Trust and faith go hand-in-hand in our relationship with God. But do they mean the same thing?
The last definition of faith on Dictionary.com is “the trust in God and in His promises as made through Christ and the Scriptures by which humans are justified or saved”. The very definition itself shows us that faith is rooted in trust. And because of this faith in God, we trust that his Word is true.
However, the meaning of faith found in the Bible comes from Hebrews 11:1, which reads:
Now faith is the assurance of things hoped for, the conviction of things not seen. (ESV)
Here, Paul is making the connection between faith and belief. He is stating that our faith is the belief that causes us to trust God to turn invisible existence into physical, tangible reality.
The very bedrock of this faith, this belief, is trust. Faith in God without trust is empty. In fact, how can we say we have total faith in something if we do not trust the very thing we claim to have faith in?
To have faith in God means to trust his divinity, his omniscience, his omnipotence. It’s a soul-reaching, lifetime commitment to govern ourselves according to the laws of his kingdom. It’s to trust that God will always lead and guide us to all truth (John 16:13). That he is, in himself, all truth.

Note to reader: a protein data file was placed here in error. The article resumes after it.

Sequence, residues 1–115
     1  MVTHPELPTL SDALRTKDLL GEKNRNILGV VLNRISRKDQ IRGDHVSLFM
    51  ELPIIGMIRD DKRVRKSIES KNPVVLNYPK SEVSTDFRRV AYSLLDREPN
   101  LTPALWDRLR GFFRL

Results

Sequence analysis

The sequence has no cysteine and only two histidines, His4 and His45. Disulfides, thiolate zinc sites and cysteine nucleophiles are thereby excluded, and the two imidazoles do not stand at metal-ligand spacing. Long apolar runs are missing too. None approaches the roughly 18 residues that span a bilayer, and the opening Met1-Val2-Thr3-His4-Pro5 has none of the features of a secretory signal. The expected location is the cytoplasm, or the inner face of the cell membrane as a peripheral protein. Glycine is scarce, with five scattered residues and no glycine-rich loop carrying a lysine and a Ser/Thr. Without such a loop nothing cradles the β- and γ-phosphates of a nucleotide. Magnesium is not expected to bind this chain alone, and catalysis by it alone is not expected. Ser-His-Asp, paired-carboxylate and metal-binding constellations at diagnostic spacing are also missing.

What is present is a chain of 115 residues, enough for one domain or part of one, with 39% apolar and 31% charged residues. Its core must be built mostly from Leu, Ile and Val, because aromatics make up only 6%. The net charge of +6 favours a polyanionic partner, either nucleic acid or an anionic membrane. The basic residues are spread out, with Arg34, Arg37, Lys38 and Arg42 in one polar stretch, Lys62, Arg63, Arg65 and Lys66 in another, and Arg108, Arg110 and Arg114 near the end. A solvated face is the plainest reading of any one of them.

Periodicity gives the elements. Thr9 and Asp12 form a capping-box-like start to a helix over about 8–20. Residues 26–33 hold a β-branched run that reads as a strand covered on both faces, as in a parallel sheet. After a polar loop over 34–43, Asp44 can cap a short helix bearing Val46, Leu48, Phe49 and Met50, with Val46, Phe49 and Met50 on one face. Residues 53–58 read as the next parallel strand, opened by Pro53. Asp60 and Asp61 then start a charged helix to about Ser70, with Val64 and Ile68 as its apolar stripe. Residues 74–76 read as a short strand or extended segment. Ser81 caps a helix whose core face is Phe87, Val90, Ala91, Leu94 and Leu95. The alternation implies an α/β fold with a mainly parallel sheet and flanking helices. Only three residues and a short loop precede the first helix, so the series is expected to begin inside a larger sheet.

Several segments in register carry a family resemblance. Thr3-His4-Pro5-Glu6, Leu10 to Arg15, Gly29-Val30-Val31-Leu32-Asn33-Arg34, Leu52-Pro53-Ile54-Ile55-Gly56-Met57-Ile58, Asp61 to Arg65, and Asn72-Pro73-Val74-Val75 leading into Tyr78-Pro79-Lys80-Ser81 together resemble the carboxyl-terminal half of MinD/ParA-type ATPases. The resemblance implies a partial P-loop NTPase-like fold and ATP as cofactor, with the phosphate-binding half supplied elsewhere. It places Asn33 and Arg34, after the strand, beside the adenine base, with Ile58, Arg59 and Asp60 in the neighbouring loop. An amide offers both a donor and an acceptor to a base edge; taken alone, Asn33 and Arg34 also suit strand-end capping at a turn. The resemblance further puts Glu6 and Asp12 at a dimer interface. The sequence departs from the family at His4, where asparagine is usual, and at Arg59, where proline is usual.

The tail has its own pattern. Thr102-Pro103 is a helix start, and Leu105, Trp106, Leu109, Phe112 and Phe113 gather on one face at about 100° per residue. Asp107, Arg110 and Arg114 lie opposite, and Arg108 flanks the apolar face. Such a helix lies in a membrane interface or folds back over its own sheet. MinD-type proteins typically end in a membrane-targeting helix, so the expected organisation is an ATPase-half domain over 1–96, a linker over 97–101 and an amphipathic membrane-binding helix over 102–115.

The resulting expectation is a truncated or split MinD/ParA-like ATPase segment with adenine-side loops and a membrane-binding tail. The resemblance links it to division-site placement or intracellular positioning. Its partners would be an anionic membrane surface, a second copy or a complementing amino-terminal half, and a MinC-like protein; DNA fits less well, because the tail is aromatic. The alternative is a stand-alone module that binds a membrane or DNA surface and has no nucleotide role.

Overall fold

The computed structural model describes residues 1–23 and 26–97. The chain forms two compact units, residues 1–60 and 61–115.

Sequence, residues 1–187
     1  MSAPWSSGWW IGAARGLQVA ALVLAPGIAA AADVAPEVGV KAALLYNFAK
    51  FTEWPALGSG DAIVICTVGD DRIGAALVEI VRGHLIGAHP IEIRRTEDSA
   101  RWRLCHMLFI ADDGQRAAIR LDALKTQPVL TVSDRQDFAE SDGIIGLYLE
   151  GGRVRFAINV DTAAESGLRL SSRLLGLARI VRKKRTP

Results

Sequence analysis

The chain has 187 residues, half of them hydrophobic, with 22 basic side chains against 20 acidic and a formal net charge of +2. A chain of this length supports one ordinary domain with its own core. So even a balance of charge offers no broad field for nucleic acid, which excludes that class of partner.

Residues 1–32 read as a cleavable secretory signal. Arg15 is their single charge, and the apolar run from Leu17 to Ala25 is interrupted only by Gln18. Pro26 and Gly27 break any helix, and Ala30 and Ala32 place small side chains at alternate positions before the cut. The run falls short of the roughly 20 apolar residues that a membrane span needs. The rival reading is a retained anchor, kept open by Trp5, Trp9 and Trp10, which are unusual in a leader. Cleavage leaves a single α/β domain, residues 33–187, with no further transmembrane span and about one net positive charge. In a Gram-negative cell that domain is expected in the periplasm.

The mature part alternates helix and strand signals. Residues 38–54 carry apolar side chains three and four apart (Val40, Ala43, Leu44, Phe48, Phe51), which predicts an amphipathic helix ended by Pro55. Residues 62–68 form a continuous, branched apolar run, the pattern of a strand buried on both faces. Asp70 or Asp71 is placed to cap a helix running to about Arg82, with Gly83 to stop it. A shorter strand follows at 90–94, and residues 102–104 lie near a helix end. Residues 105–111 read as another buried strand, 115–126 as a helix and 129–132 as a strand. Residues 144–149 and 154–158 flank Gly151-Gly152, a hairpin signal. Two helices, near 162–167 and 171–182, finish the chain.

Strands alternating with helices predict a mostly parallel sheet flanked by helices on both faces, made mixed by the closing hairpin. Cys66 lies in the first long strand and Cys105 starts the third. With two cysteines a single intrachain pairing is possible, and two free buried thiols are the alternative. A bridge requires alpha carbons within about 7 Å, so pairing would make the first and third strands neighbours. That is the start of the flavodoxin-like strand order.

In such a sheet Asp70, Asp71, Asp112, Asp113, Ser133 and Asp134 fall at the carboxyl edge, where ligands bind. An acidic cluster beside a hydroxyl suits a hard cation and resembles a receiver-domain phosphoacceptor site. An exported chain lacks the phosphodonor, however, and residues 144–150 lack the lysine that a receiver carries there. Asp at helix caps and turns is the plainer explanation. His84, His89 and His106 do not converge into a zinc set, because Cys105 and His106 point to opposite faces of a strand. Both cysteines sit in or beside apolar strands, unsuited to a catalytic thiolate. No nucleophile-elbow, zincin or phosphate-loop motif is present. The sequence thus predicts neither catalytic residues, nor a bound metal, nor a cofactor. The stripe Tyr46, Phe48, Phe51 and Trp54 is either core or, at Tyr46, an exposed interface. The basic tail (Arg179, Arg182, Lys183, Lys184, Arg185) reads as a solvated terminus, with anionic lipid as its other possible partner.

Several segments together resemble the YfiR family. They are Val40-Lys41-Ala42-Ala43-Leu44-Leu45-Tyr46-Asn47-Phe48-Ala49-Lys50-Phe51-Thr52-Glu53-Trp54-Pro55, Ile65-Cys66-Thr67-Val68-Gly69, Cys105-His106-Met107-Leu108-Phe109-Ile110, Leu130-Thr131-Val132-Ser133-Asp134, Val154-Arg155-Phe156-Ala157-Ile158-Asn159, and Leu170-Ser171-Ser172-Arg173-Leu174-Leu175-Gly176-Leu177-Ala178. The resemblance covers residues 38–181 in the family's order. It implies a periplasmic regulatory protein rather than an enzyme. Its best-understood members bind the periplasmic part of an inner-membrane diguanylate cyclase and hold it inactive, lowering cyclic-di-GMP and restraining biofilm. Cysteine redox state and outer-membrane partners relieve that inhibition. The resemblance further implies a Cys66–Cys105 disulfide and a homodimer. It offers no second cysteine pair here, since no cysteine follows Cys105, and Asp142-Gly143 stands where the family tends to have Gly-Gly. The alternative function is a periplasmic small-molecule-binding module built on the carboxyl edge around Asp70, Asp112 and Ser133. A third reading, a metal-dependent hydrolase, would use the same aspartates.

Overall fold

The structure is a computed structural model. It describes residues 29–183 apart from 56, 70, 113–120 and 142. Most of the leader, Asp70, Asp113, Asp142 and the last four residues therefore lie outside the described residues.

When we become followers of Christ, we get to completely experience his nature. As we encounter the love, grace, kindness, and goodness of God, we can confidently trust that his nature is true and unchanging. Therefore, when we live life and go through its trials (because trials will come), we have faith to know that God will move on our behalf. How awesome is that?
Are faith and trust the same thing? Honestly, I don’t know. I do believe that they are so closely related that they can become interchangeable. Whether you believe trust is the same as faith or that trust is a building block to faith, this truth remains: you need both in your relationship with Jesus.
Featured Image by Sebastian Herrmann on Unsplash ; In-Text image by Aaron Burden on Unsplash
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Thanks Tacoi. I consider trust active confidence, maybe even a direct result of acting on my faith. God gives us faith (Ephesians 2:8) but faith without works is dead (James 2). I believe trust is the result of working out what God works in us (faith). I get that from Philippians 2:12-13. And both the trust and the faith grow stronger as I exercise them, just like a muscle.
But I also acknowledge the the writers of scripture make this seem like splitting an atom or a hair. Trust and Faith are used interchangeably in many famous passages. I’m focusing on trust this year, which is why this is important for me. Thanks for a great post!
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